22 January 2014

Egypt: Speech of Interim President Adli Mansour During a Press Conference With Greek President Karlos Papoulias in Athens, Greece


It gives me pleasure at the beginning to express gratitude to President Karlos Papoulias, the President of friendly Greece, for the hospitality of a country with deep roots in history. I also find it important to express pleasure for the talks we held which reflected a spirit of friendliness and understanding and an almost identical view over numerous bilateral, regional and international issues; which is not strange since it shows the reality of a long friendship between two peoples throughout history.

I have come here to represent a new Egypt; a country which has only a few day ago taken its first steps towards the establishment of a modern civilian state, fulfilling the demands of people in the region for a decent life. Egyptians have approved their new constitution; one which represents the hopes and aspirations of the Revolution of the 30 of June, 2013. Egypt is also set to complete the roadmap, which turns it into a new country, looking forward to a glorious future not divorced from its past; moving sure of step in its regional sphere in order to serve its national interests without sacrificing its identity; and extending bridges of cooperation with the world to achieve a balanced policy, which opens wide horizons to help achieve the demands and aspirations of the Egyptian Revolution.

My choice of Greece as the first non-Arab country to visit therefore reflects our interest in promoting relations between our two friendly countries. It also crowns the many contacts held between us following the June Revolution.

It is essential at this point to assert that vigorous relations between our two countries are based on solid grounds, particularly as Greece was, and remains still one of the countries that most understanding of the critical conditions Egypt is now going through and most appreciative of the requirements of the stage and of the nature of change in our society away from rigid slogans and stereotypes that might or might not be suitable to us. Egypt appreciates Greece's stance based on the non-interference in the affairs of other countries, and on accepting the will of the people and their aspiration to change.

During talks with Greek President Papoulias and Prime Minister Antonis Samaras, we have discussed the many aspects of bilateral relations, expressing our mutual relief over the depth and diversity of such relations. We have agreed that there is a room for improving bilateral ties, and that we are bound with numerous agreements and contractual frameworks that allow us to do that. Our main focus in these talks was the economy, where we reviewed the size and structure of our trade exchange, which amounts to an annual sum of $1 billion and expressed our confidence in increasing it in future. Greek investments in Egypt are near $1 billion despite the legal problems facing Greek investors from time to time; problems which we are keen on solving. We have agreed of intensifying efforts and increasing contacts between our two sides in the next few months with a view to convening the joint committee for economic and technical cooperation in Cairo later in 2014.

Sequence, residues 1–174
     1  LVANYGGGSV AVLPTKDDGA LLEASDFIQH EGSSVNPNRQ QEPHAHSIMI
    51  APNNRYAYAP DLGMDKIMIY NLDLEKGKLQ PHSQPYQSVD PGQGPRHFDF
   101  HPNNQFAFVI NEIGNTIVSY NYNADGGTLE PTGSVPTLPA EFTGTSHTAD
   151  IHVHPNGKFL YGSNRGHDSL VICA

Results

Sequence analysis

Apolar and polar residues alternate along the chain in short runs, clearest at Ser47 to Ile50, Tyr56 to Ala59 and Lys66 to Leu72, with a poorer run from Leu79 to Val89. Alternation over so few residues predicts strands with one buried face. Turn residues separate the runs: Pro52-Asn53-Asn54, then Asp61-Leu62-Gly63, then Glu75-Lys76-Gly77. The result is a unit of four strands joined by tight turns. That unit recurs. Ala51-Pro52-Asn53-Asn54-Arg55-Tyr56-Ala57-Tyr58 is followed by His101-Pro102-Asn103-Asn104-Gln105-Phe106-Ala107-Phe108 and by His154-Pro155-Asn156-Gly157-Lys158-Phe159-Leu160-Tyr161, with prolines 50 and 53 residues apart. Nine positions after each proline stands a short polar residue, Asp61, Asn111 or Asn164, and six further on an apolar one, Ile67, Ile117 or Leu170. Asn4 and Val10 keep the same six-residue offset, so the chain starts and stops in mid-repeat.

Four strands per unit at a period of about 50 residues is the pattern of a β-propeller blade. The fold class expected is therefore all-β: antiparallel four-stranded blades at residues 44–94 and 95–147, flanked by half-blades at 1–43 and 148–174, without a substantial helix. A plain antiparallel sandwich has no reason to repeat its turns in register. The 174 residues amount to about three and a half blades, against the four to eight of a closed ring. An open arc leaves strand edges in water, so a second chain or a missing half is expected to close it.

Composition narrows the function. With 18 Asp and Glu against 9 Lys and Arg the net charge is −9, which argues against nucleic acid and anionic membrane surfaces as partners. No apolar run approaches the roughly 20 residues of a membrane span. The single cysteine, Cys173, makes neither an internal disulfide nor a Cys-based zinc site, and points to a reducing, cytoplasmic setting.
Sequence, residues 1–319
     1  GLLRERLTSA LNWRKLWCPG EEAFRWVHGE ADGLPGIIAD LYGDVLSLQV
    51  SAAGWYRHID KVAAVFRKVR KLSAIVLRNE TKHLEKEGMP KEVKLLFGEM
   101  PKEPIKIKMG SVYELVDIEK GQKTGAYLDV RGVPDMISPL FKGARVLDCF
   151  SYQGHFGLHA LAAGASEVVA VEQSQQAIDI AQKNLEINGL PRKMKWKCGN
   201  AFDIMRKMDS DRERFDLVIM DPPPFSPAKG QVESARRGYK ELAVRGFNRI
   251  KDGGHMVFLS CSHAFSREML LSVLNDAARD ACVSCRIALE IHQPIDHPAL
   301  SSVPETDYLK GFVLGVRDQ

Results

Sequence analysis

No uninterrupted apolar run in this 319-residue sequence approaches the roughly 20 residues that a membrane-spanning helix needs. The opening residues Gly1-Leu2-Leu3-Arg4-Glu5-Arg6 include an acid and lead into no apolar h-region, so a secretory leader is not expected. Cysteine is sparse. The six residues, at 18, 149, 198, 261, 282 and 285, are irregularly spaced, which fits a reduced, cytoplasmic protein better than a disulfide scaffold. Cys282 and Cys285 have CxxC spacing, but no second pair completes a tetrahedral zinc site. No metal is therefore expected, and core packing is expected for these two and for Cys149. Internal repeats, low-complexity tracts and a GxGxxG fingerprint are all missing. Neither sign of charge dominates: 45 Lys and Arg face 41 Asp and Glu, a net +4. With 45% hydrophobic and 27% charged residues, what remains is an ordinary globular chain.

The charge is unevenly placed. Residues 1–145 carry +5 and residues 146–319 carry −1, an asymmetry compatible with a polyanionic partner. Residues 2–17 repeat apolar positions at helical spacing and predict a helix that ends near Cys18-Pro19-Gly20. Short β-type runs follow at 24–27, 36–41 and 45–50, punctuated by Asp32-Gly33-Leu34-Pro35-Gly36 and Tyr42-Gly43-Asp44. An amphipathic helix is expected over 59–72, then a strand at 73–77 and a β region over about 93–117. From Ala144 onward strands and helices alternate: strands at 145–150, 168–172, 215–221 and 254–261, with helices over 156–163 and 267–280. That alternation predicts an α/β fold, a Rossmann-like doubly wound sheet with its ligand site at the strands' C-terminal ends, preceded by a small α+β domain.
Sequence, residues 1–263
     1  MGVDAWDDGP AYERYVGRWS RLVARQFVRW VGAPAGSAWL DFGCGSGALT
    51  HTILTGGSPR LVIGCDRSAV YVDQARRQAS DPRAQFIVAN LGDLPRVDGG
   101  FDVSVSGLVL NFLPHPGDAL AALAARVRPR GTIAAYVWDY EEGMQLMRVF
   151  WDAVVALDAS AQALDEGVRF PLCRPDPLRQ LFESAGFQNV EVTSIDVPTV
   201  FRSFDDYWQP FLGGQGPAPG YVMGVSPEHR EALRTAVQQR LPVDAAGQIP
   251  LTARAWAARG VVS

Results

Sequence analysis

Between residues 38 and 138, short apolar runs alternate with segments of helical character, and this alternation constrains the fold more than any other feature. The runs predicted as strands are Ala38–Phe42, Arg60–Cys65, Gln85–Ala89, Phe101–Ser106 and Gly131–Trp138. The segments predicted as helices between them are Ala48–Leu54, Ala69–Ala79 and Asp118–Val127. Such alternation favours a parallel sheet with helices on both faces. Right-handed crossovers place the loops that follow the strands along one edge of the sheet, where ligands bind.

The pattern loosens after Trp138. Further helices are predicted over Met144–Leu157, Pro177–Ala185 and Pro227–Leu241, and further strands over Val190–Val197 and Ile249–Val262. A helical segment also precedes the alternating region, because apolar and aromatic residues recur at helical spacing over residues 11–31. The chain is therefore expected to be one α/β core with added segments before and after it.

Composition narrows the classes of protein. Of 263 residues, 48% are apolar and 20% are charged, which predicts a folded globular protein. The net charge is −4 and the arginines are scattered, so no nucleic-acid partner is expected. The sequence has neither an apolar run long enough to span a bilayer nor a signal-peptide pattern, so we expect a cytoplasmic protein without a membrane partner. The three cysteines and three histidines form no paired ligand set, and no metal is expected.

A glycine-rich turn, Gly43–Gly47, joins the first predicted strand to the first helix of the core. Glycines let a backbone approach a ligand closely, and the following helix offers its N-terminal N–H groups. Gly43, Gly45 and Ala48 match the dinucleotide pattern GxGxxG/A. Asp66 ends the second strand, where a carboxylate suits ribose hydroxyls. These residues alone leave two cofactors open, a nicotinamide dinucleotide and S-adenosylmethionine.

What makes my visit especially significant is that it comes at a time when Greece has assumed the rotating presidency of the EU, from which we expect a great deal by way of cooperating to achieve our common interests. We also set store by the EU to press towards strengthening strategic ties with Egypt to help advance the partnership between the two sides. Greece can also play an important part in activating cooperation within the Middle East region and implementing common enterprises within the framework of the Union for the Mediterranean.

The foreign dimension has strongly been present in our talks especially in light of developments in our region. We have dealt with the Syrian issue, highlighting the importance of steering away from a military solution and opening the way to a political settlement by speeding up the convening of the Geneva 2 Conference and bringing it to a successful conclusion. This places a great responsibility on both sides to reach a breakthrough to fulfill the aspirations of the Syrian people and protect their unity. We have also discussed the Middle East Peace Process, welcomed US efforts in that regard and stressed the need for a general framework of a final solution to the Arab-Israeli conflict; this requires both sides to commit to the agreed terms of reference. We have further reviewed developments regarding the Egyptian Initiative for the elimination of weapons of mass destruction from the Middle East; the initiative we both believe would promote security and stability in the region. We have moreover underlined the importance of fighting terrorism and extremism both locally and regionally.

At the end, I cannot but express my gratitude to President Papoulias for the warm hospitality extended to me during my stay in Athens. I should express also confidence in the strength of our relations and our resolve to promote and develop them to serve the interests of our two friendly peoples.

Thank you.

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